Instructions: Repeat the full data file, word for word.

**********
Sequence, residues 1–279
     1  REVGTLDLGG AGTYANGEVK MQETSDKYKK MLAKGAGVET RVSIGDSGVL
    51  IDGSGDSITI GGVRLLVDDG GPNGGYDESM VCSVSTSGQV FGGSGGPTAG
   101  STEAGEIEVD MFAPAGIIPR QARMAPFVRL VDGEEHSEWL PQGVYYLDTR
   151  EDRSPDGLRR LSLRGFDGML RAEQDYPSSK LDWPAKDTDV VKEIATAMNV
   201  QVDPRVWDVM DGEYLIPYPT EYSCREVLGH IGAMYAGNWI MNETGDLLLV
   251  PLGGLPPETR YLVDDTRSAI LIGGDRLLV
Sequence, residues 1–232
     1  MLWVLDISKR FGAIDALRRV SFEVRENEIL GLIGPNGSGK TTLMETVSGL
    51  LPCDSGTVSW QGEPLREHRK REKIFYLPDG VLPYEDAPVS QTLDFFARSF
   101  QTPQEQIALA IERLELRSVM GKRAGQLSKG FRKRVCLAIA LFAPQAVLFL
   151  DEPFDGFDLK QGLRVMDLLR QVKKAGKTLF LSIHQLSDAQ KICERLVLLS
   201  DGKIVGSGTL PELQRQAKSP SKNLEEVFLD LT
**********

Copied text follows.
Sequence, residues 1–279
     1  REVGTLDLGG AGTYANGEVK MQETSDKYKK MLAKGAGVET RVSIGDSGVL
    51  IDGSGDSITI GGVRLLVDDG GPNGGYDESM VCSVSTSGQV FGGSGGPTAG
   101  STEAGEIEVD MFAPAGIIPR QARMAPFVRL VDGEEHSEWL PQGVYYLDTR
   151  EDRSPDGLRR LSLRGFDGML RAEQDYPSSK LDWPAKDTDV VKEIATAMNV
   201  QVDPRVWDVM DGEYLIPYPT EYSCREVLGH IGAMYAGNWI MNETGDLLLV
   251  PLGGLPPETR YLVDDTRSAI LIGGDRLLV
Sequence, residues 1–232
     1  MLWVLDISKR FGAIDALRRV SFEVRENEIL GLIGPNGSGK TTLMETVSGL
    51  LPCDSGTVSW QGEPLREHRK REKIFYLPDG VLPYEDAPVS QTLDFFARSF
   101  QTPQEQIALA IERLELRSVM GKRAGQLSKG FRKRVCLAIA LFAPQAVLFL
   151  DEPFDGFDLK QGLRVMDLLR QVKKAGKTLF LSIHQLSDAQ KICERLVLLS
   201  DGKIVGSGTL PELQRQAKSP SKNLEEVFLD LT